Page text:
Award-winning garden photojournalist Debra Lee Baldwin authored Designing with Succulents, Succulent Container Gardens, and Succulents Simplified, all Timber Press bestsellers. Her goal is to enhance others' enjoyment and awareness of waterwise plants and gardens by showcasing the beauty and design potential of succulents via books, articles, newsletters, photos, videos, social media and more. Debra and husband Jeff live in the foothills north of San Diego. She grew up in Southern California on an avocado ranch, speaks conversational Spanish, and at age 18 graduated magna cum laude from USIU with a degree in English Literature. Her hobbies include thrifting, birding and watercolor painting. Debra's YouTube channel has had over 3,000,000 views.
Debra Lee Baldwin
Debra Lee Baldwin
15 Comments… add one

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jo September 7, 2009, 12:27 pm

Dear Debra,

Can’t imagine anything worse than having the threat of fire hanging over one. How brave of you to write this post and put a positive spin on it.

We in the UK are advised by the police to plant spiky thorny shrubs that deter burglars, but that is laughable compared to the threats you are facing.

My own workshop was destroyed by water in January, but again, water is not as devastating a threat as fire. I feel for you and especially reading that as a gardener you have to deal with this long-lasting severe water shortage as well.

It makes me feel guilty grouching over a few snails and slugs 🙂

Hi, Jo, Anywhere you live, there’s some threat of natural disaster, plus a Pandora’s box full of creepy crawlies that want to decimate the paradise you’re trying to create. As my gardener says, “Asi es la vida.” (Such is life.) Debra

Susie September 7, 2009, 12:57 pm

I was intrigued by your LA Times article, clipped it & saved it in my files. I then had a client whose yard was primarily succulents. So interested in succulents after that, I bought your book & am slowly introducing them into my yard.

Hi, Susie, I’m continually amazed at how many people clipped and saved the article. It even was on display at the San Diego County Fair after it came out, accompanying an exhibit of firewise plants. I’m glad you found it helpful! Debra

Loree/danger garden September 7, 2009, 1:21 pm

That first photo with the flame to the agave looks like plant abuse! But good information.

Hi, Loree. A nurseryman whose growing grounds were threatened by the fire is holding the lighter. He’s a huge proponent of using succulents as firewise plants, and was enthusiastic about helping me get the word out. It’s a dramatic photo, isn’t it? The agave was unfazed. Debra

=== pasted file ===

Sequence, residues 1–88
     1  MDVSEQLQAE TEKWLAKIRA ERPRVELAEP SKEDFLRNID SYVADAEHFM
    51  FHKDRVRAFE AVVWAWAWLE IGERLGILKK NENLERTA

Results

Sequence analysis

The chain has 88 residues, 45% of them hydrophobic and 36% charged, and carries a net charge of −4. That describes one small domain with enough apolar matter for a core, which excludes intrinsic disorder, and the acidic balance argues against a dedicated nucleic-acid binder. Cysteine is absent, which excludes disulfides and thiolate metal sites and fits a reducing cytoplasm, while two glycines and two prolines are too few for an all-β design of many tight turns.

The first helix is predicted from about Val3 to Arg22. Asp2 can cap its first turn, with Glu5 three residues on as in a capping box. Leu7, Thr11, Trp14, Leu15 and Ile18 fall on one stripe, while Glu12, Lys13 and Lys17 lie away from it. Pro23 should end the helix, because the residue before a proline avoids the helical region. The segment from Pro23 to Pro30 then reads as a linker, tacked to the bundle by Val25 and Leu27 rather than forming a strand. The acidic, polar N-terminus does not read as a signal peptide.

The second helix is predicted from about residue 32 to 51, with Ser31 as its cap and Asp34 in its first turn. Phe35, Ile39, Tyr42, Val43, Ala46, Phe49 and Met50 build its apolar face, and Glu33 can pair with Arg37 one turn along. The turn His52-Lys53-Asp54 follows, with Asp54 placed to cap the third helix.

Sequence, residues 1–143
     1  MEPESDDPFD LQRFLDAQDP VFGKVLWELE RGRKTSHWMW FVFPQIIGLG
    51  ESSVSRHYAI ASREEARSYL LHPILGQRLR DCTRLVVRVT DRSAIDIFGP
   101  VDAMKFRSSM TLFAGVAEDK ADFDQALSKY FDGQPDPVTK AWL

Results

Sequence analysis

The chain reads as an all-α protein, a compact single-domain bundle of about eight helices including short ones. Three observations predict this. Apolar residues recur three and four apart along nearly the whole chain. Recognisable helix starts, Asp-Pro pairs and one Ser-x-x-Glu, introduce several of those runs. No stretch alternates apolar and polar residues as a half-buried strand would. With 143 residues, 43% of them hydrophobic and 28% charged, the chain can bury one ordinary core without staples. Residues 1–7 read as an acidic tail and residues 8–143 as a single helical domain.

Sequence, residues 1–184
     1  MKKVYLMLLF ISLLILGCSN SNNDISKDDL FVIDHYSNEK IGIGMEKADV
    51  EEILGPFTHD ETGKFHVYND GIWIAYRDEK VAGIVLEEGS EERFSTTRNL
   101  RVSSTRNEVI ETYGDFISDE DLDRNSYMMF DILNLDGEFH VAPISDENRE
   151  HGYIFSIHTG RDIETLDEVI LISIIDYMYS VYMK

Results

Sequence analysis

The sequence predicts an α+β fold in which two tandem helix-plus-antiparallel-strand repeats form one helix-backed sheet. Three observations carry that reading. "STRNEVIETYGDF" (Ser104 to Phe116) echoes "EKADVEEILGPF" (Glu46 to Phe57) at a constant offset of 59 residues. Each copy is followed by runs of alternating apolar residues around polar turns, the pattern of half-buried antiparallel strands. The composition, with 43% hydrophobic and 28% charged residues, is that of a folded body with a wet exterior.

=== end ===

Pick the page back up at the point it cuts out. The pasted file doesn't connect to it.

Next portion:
donna September 7, 2009, 3:32 pm

Great article , Debra — I gave you a shoutout on Facebook for your talk…

Hi, Donna, Thanks so much for passing the word! I’m a huge fan of Facebook, and enjoy reading the posts and sharing what’s going on in my little universe. Let’s become Facebook friends (and that goes for the rest of you, too)! Debra

ryan September 7, 2009, 3:35 pm

Great story. We designed and installed a firewise demo garden for a fire department once, but it never got tested like that. We didn’t even test the agaves with a lighter. The photo of the jade plant is great.

Hi, Ryan, I wish more fire departments in SoCA would install firewise gardens. Most don’t have the budget to do so. This one is maintained by dedicated volunteers. I also wish that brochures and online info given out by fire agencies were more savvy when it comes to plant material. They often recommend native plants, I suppose because they’re afraid to recommend anything that might be invasive. But most CA natives (though low-water) burn readily and are difficult to establish. Succulents are both firewise and waterwise, and no threat to the local ecology. Debra

Joanne September 7, 2009, 4:04 pm

What an amazing story.

Pam/Digging September 7, 2009, 11:41 pm

Brilliant solution for a fire-prone area—and parts of Austin certainly qualify. I only wish we could plant more of your beautiful succulents, but we are not frost-free, at least not yet.